We almost had another school-shooting tragedy on Monday--this one in Charleston.  Alice Boland drove up to the gate of Ashley Hall, an exclusive girls' prep school, brandishing a pistol.  When school administrators confronted her, she tried to shoot them--but the gun was locked, and she'd forgotten to load it.  Now, it turns out, Boland was able to buy the gun legally despite a long history of mental illness--and the fact she threatened to kill George W. Bush back in 2005.

“We were very fortunate she did not know how to take the lock off, or this could have been a tragedy,” said Earl Woodham, a spokesman in Charlotte for the federal Bureau of Alcohol, Tobacco, Firearms and Explosives.

The authorities are investigating whether Ms. Boland was required to disclose her history of mental illness when she bought the gun. A small firearms store in Walterboro, 50 miles from Charleston, sold her the Taurus PT-22 pistol on Feb. 1. She filled out a federal background check form and was approved.

She appeared to have bought the gun legally, Mr. Woodham said. Gun buyers nationwide are required to disclose mental illnesses only if they have been committed to an institution or found “mentally defective” by a judge, he said.

“Unfortunately, there are a lot of people who are mentally unstable but who would not technically be declared mentally defective,” he said.

Ms. Boland’s 2005 brush with law enforcement came when she became upset with the slow process of getting through Customs in Montreal.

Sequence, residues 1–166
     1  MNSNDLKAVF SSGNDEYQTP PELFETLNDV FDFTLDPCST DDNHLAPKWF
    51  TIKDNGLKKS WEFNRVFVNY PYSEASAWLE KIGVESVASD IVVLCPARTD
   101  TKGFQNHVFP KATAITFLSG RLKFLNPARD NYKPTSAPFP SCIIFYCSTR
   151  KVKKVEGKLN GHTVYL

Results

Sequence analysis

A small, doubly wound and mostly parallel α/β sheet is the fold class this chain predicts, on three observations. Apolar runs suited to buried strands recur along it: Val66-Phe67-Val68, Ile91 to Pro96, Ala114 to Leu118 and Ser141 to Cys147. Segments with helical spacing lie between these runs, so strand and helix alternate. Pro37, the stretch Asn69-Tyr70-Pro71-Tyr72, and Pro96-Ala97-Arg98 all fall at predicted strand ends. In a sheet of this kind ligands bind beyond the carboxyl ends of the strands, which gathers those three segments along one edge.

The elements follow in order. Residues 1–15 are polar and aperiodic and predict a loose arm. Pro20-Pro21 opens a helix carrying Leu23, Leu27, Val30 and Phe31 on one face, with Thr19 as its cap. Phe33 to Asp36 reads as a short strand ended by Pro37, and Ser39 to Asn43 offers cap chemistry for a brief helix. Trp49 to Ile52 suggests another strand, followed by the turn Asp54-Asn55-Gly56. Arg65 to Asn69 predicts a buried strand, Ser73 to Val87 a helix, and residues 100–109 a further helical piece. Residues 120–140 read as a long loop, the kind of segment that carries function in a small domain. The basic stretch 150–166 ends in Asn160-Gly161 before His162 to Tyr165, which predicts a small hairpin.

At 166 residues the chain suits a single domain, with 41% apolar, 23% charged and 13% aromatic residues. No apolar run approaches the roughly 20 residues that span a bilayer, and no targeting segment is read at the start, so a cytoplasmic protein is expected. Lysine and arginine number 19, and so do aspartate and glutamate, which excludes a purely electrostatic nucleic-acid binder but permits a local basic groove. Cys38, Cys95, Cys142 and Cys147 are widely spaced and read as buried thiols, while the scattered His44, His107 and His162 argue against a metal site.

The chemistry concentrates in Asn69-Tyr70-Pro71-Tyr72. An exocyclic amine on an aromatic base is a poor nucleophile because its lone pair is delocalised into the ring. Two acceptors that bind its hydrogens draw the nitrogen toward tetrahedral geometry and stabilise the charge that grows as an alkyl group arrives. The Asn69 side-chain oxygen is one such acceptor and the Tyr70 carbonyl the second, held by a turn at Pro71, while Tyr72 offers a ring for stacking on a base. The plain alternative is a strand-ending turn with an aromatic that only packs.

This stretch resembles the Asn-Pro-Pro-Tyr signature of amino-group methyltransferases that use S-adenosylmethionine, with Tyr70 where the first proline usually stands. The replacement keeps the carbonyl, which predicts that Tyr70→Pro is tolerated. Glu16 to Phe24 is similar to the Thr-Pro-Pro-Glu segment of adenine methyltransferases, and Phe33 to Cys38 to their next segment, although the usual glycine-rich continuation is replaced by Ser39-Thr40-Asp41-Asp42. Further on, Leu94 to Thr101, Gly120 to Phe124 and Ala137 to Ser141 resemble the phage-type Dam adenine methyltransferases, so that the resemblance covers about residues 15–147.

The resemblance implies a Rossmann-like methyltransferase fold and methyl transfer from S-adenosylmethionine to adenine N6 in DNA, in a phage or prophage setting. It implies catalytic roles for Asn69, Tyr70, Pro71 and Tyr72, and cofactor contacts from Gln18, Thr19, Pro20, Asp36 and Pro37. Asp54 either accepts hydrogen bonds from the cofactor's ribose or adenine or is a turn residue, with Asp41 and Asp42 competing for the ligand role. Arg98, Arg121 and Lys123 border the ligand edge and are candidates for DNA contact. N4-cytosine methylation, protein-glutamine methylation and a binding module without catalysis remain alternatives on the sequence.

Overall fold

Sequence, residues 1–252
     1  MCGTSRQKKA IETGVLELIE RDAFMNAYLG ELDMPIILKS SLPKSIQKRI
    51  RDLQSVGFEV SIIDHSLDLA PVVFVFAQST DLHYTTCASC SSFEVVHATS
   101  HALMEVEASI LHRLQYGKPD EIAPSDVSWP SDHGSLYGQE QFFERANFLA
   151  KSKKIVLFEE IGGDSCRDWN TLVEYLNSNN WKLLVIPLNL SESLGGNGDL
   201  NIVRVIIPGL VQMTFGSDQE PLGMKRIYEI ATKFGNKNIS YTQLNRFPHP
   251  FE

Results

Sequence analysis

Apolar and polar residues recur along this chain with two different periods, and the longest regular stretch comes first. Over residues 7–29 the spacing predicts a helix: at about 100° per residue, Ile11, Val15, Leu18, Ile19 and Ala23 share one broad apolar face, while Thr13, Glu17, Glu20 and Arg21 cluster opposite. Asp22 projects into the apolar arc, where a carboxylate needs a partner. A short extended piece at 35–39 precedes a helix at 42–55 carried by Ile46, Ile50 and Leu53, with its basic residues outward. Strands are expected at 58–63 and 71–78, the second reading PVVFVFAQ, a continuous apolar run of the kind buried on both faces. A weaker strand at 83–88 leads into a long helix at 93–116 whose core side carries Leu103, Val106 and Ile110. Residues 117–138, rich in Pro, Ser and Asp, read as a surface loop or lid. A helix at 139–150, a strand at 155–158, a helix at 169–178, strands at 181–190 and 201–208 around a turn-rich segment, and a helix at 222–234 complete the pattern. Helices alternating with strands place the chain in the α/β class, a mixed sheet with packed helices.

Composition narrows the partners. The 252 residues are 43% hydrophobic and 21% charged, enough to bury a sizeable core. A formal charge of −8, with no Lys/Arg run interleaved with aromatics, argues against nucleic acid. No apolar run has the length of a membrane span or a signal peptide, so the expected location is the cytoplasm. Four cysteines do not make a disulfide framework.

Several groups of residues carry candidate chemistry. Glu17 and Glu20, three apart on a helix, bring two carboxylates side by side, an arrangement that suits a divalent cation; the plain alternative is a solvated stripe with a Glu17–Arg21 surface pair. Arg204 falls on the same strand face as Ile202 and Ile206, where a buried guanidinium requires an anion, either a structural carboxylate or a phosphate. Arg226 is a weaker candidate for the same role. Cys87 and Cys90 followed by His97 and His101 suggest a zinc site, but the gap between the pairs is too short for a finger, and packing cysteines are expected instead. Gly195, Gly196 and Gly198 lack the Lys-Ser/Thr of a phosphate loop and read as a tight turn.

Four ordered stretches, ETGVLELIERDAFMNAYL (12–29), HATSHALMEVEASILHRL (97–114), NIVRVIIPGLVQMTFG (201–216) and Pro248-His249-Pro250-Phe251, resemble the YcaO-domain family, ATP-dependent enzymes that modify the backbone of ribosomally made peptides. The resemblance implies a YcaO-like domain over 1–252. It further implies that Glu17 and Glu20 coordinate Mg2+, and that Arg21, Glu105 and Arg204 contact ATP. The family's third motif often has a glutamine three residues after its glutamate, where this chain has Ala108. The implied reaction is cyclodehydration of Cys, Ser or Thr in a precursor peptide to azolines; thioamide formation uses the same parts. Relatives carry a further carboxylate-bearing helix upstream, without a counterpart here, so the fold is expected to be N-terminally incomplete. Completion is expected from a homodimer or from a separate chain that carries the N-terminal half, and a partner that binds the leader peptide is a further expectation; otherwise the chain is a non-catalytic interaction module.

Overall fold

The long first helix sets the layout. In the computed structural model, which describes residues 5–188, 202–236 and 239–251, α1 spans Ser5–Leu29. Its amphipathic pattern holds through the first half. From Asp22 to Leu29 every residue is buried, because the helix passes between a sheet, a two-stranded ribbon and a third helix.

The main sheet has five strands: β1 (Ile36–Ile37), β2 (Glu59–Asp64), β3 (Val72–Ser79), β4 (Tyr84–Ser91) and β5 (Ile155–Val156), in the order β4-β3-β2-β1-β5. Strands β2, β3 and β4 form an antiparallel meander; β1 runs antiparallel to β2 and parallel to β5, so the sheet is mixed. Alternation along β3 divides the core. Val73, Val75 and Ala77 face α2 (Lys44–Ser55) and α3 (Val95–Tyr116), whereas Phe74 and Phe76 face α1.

“I am going to kill President Bush with a gun,” she said, according to federal court papers. “Just give me a gun. I am going to come back and shoot you all.”

The federal charges were dropped after she pleaded not guilty by reason of mental incompetence.

According to The (Charleston) Post & Courier, Boland, who is originally from Beaufort, has had problems with mental illness for several years.  She has been diagnosed with schizophrenia and Asperger's.  She spent three weeks at Medical University Hospital in Charleston early in the millennium; doctors there gave her 25 meds, but none of them worked.   After the 2005 case, a judge sent Boland to Federal Medical Center Carswell, where doctors wanted to inject her with Risperdal to get her into a state where she could stand trial.  But her parents balked, citing their past experience with Risperdal; when she'd previously taken it she'd experienced involuntary limb movements and trouble sleeping.  They managed to get her transferred to a mental facility in North Charleston before bringing her home.  And yet, despite this history, Boland was able to clear all the hurdles and buy the gun.

No one who admits to threatening the president should be allowed to buy or possess a gun.  And no one with a history of mental illness as voluminous as Boland's should be allowed to buy or possess a gun.  Both situations together?  To say that something is seriously and fundamentally wrong here would be an understatement.

Two weeks earlier, school officials rehearsed the protocol for handling a shooting with federal officials.  Turns out that training came in handy, as they were able to stall Boland at the school gates and secure the campus.  It turns out that administrators already knew Boland--back in 2010, she was seen hanging around the school asking questions about the kids there, and was cited for trespassing.

Governor Nikki Haley's only response so far has been to call it a reminder for the need to strengthen our mental health system.  You got it half-right, Nimrata.  This is also proof positive that we need a major rethink on our gun laws.  It cannot be said enough--this woman had no business whatsoever having a gun.

Originally posted to Repeal or Amend the Second Amendment (RASA) on Sat Feb 09, 2013 at 08:30 AM PST.

Also republished by Shut Down the NRA and Southern Action.

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